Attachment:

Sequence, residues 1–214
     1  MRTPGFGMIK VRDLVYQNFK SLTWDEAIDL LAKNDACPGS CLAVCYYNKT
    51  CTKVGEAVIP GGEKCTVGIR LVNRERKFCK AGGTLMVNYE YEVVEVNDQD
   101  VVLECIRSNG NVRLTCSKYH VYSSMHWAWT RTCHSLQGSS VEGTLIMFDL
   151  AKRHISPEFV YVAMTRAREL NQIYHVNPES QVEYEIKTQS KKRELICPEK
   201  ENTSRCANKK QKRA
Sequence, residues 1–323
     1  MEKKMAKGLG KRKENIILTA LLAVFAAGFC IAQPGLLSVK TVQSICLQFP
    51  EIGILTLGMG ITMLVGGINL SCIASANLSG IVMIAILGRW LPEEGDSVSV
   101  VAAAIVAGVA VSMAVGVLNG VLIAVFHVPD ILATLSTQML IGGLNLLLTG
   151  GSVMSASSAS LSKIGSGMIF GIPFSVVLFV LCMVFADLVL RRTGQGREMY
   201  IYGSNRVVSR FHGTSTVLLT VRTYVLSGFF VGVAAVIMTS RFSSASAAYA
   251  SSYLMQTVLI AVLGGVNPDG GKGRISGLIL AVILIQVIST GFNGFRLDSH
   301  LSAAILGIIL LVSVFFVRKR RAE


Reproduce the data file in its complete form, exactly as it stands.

Sequence, residues 1–214
     1  MRTPGFGMIK VRDLVYQNFK SLTWDEAIDL LAKNDACPGS CLAVCYYNKT
    51  CTKVGEAVIP GGEKCTVGIR LVNRERKFCK AGGTLMVNYE YEVVEVNDQD
   101  VVLECIRSNG NVRLTCSKYH VYSSMHWAWT RTCHSLQGSS VEGTLIMFDL
   151  AKRHISPEFV YVAMTRAREL NQIYHVNPES QVEYEIKTQS KKRELICPEK
   201  ENTSRCANKK QKRA
Sequence, residues 1–323
     1  MEKKMAKGLG KRKENIILTA LLAVFAAGFC IAQPGLLSVK TVQSICLQFP
    51  EIGILTLGMG ITMLVGGINL SCIASANLSG IVMIAILGRW LPEEGDSVSV
   101  VAAAIVAGVA VSMAVGVLNG VLIAVFHVPD ILATLSTQML IGGLNLLLTG
   151  GSVMSASSAS LSKIGSGMIF GIPFSVVLFV LCMVFADLVL RRTGQGREMY
   201  IYGSNRVVSR FHGTSTVLLT VRTYVLSGFF VGVAAVIMTS RFSSASAAYA
   251  SSYLMQTVLI AVLGGVNPDG GKGRISGLIL AVILIQVIST GFNGFRLDSH
   301  LSAAILGIIL LVSVFFVRKR RAE